Have you ever felt stuck looking at a huge project? Whether it’s something that must get done in your professional or personal life, it’s easy to feel overwhelmed when the scope of work is large.
As a life coach, career coach, and executive coach based in NYC, I meet with a lot of ambitious people with impressive goals and dreams but many have difficulty moving forward and seeing their plans through to completion.
When this happens, I recommend starting with “micro-actions.” More commonly known as “baby steps,” micro-actions are small things you can do to keep the ball moving forward. They’re great procrastination-busters and can ease the anxiety caused by large projects.
Here’s how to use micro-actions to break through productivity logjams:
Do One Thing
When stuck or procrastinating, do one (smallest) thing possible to move forward. Don’t worry if the step you choose seems miles from the finish line that you’re trying to reach the important thing is to engage in some sort of action.
For example, if you have a research report due next month and don’t know where to begin, break down your tasks into several small steps. Your first step might be to research your topic online, gathering sources. Your second step might be to write a draft first sentence. Next, you’d write your first paragraph, then your first page, then your first chapter of the report. Take each of these micro-actions one at a time until you’ve finished the project.
Keep It Simple
The complexity of an entire project is what stops many of us in our tracks when we try to reach our goals. Instead of viewing a project in its entirety such as building a website, writing a book, or applying for an educational program focus on each micro-action to keep it simpler.
To take the first example, if you need a website built, you might need to consider content, design, social media, and maintenance. Thinking about the big picture might cause you to despair and procrastinate figuring out your site and what types of help you need to build it. Instead, focus first only on content before moving onto design and the later steps. As you finish one micro-action, you’ll often start getting ideas for the next one.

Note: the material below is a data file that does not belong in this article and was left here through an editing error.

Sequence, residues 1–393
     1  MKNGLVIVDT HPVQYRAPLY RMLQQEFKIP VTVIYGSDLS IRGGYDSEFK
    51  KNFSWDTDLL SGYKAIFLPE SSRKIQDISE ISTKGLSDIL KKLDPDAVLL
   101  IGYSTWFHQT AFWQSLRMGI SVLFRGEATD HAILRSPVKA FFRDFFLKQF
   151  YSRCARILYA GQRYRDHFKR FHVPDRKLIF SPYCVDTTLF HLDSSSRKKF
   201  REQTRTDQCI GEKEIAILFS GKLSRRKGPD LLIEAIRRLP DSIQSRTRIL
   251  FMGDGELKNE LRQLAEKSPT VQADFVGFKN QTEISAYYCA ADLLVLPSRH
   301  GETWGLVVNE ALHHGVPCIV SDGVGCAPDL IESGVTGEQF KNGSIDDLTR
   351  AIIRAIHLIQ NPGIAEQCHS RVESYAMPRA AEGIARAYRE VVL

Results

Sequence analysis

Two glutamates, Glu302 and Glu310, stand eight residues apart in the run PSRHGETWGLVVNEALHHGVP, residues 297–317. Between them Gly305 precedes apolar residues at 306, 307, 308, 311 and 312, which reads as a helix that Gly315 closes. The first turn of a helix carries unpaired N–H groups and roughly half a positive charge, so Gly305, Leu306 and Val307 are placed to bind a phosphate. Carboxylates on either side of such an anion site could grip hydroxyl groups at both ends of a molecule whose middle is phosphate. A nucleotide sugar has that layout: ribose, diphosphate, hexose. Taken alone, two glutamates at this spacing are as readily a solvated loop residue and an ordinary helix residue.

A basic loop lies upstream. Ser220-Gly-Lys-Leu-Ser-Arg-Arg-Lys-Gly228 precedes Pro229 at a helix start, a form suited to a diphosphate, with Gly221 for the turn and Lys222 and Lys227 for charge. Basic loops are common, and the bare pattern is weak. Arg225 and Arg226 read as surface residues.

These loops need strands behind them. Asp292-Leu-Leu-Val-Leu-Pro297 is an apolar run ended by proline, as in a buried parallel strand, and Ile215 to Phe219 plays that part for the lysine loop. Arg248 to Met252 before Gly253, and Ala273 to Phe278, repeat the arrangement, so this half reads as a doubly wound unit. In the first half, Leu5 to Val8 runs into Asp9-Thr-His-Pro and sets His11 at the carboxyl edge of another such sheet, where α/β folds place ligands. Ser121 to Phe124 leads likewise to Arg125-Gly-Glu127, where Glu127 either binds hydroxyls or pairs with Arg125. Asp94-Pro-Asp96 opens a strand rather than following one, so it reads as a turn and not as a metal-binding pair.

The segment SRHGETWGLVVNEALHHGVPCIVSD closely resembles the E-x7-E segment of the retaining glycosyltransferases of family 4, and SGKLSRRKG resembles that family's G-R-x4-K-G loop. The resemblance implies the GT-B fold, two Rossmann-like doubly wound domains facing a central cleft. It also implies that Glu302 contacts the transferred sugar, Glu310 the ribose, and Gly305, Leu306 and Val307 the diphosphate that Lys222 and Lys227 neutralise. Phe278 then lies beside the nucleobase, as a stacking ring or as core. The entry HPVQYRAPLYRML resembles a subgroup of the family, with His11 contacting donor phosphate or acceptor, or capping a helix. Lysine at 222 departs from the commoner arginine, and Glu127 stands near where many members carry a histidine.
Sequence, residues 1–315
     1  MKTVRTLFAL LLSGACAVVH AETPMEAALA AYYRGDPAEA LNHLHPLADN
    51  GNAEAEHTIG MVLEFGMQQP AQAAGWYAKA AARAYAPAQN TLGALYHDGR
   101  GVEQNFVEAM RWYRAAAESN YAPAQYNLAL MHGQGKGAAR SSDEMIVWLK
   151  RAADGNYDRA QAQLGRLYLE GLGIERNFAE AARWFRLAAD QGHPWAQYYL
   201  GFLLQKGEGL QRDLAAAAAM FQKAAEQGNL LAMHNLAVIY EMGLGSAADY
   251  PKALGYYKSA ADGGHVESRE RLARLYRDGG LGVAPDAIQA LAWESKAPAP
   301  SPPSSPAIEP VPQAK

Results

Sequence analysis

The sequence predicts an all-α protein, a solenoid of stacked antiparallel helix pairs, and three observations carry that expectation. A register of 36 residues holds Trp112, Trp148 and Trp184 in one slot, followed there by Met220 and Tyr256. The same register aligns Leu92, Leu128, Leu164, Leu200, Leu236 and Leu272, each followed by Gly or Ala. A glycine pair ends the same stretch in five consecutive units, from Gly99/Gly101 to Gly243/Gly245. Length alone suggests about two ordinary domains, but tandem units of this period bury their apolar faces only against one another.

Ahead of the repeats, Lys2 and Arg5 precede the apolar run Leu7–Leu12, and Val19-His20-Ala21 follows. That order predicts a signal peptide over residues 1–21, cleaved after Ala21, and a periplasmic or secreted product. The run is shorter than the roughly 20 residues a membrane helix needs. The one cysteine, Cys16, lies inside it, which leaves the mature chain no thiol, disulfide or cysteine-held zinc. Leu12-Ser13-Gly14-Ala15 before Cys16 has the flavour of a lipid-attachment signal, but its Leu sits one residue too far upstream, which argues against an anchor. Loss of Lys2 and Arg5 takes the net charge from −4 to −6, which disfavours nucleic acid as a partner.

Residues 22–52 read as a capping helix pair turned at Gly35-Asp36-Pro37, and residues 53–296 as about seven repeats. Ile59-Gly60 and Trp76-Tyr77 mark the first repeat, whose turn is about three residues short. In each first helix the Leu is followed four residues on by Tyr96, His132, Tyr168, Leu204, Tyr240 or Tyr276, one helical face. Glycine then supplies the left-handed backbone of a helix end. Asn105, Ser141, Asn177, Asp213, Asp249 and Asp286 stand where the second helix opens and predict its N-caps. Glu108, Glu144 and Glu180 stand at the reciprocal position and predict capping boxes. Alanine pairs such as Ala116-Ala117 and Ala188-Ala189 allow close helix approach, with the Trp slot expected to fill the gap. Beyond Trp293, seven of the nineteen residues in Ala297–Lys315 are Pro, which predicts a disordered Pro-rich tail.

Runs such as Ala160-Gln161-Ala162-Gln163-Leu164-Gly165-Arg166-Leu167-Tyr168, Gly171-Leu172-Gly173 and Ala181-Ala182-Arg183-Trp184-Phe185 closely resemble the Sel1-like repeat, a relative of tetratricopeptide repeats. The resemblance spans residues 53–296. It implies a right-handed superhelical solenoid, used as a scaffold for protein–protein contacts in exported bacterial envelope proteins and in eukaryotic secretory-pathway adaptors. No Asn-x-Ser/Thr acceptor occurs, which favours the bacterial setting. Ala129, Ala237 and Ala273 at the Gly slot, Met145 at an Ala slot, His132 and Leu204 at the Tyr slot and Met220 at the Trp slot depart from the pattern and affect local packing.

Chart Your Progress
With many small steps to consider toward your final result, it’s important to use a tracking system to help you chart your progress. Keeping track of each micro-action and logging it as you complete it can help keep you motivated.
Before you start a large project, it’s helpful to create an outline of each micro-action that you’ll need to tackle en route to your goal. To chart your progress, simply list the steps involved, and check them off as you finish each one. You might want to post a visual of your completed micro-actions to encourage you to keep going.
Build on Success
One of the best things about micro-actions is that they build on each other. As you complete each step, it paves the way for the next action. Often as you move forward, details are revealed that you wouldn’t have been aware of before.
Use micro-actions to fuel your initiative and make changes in your pattern of procrastination. The next time you feel stuck, propel yourself forward and through self-created barriers of resistance by taking baby steps toward your goals. By committing to a series of small actions, you’ll gradually overcome your inertia and complete what you started.
Mark Strong is a Life Coach, Career Coach, and Executive Coach based in NYC. You can find more information at www.markstrongcoaching.com.